If there is a particular company you have an interest in, you need to check often, almost daily in these times, to submit your resume.  Experts are now saying that from the time a new job is posted, the candidate needs to apply during the first 48-72 hours to be considered.  With supply and demand at the cutting edge, more people on the supply side and not as many jobs available, the candidates need to make searching for new employment a full-time job.  You need to check back often and submit resumes immediately to try to get in the hopper for consideration. Waiting a week after the job has been posted may be too late in this critical environment.


5. Include a Customized Cover Letter for Each Job


A cover letter attached to a resume is very important.  Skipping this step may be sending a negative message to a prospective employer and might indicate the candidate does not want to go the extra mile.  I have heard countless employers tell me they selected a candidate who submitted a cover letter as well as a resume over candidates that lacked one. If you are seeking employment requiring excellent writing skills, consider having someone help you write one.  A poorly written attachment could almost be worse in some cases than not sending one at all.


6. Send a Thank You Note in the First 24-48 hours


Make sure you always send a thank you note to the person with whom you interviewed.  I suggest it be done by email for the swiftness of your intent.  A “thank you” always shows follow-up, poise, polish, and gratitude, which can go a long way.


7. Do Your Homework on the Prospective Company and Interviewer


You must know as much as possible about the company before the interview ever takes place to be able to talk intelligently.  If you also know who the interviewer is, you might look them up on LinkedIn to investigate their background.  I recently had a candidate from a university with a strong student alumni association and bonding network.  When the candidate looked up the interviewer and saw that they attended the same university, it was a point of easy conversation and connection.  The candidate also had a very solid background for the job, and he did get an offer from this company.  Having a “culture fit” with similarities did not hurt his chances.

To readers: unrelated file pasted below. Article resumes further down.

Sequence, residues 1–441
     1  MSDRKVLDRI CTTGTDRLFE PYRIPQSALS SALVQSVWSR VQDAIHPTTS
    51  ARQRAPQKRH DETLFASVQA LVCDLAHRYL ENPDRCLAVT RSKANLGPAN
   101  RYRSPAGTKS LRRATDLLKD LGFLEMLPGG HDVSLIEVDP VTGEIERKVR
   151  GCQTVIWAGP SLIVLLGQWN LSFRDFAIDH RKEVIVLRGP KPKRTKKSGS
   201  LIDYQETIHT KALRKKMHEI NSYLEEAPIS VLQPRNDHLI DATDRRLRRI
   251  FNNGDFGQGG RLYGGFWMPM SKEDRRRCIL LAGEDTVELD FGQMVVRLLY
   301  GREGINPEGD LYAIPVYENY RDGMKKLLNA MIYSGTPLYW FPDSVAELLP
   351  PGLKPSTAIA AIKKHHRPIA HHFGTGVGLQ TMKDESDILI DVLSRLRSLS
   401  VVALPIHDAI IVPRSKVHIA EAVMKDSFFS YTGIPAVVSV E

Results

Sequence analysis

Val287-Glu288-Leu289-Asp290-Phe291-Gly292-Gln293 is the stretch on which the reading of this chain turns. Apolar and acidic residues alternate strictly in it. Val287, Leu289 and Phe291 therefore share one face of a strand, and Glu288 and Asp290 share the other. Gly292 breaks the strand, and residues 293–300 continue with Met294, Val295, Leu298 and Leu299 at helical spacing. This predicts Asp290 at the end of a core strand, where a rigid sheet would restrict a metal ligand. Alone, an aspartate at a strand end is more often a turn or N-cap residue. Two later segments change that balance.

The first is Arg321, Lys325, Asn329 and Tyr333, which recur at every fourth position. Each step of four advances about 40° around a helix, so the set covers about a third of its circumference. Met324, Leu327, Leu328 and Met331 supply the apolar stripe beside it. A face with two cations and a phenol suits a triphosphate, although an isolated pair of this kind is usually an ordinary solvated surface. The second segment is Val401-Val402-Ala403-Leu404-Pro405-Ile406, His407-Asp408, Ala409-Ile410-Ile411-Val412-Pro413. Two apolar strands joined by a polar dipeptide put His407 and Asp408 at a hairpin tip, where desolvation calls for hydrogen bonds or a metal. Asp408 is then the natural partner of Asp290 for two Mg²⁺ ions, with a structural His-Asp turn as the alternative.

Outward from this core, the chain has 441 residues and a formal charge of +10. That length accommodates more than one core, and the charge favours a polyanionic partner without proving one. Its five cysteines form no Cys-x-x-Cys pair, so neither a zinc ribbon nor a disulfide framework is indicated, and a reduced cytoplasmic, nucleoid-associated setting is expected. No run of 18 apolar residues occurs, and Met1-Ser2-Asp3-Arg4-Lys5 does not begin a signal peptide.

On St. Patrick’s Day this year celebrate by making your own luck for the New Work World.  Step out of your comfort zone with activities and practices that might make all the difference in your success.  While luck might be pure chance, solid preparation with the best information available and going the extra mile for the optimum results you desire, is not.   Our new book, Revolutionary Reinvention, and ongoing workshops may be helpful to you in 2021 to create your own luck and move forward in a way that might offer your own Four-Leaf Clover!  When you combine a solid plan of action and a positive mindset, knowing what you want and how you are going to achieve it, your ability to create it makes all the difference in your success.



Mary Ann Faremouth 

Mary Ann holds a CPC (Certified Personnel Consultant) credential, was certified by the Board of Regents of the National Association of Personnel Consultants in Washington, D.C., and was awarded an Advanced Communicator Bronze,  Advanced Leader Bronze Awards by Toastmasters. She cofounded Jobs: Houston magazine in 1997. Mary Ann maintains affiliations with professional organizations, including oil and gas, financial, construction, IT, and structural, mechanical, and civil engineering. (www.faremouth.com)

Mary Ann’s award-winning first book Revolutionary Recruiting has been listed by Book Authority as Number #1 Best 100 Recruiting Books; #1 Best Seller, Non-Fiction, Amazon (2019); Top 20 Recruiting books, Recruitics; Readers’ Choice finalist (2019), Houston Literary Awards; Best Non-Fiction (2018), Best Cover (2019), and Best Self-Help (2018), Authors Marketing Guild. Her books support individuals and corporations, tap into each candidate’s unrealized potential to find the right person for each job, maximizing both employee satisfaction and the employer’s bottom line. Mary Ann showcases her expertise of the recruiting world on a monthly podcast for The Price of Business and weekly articles for USA Business.  Her new workbook, Revolutionary Reinvention, was recently released on Amazon. Mary Ann lives in Houston, Texas.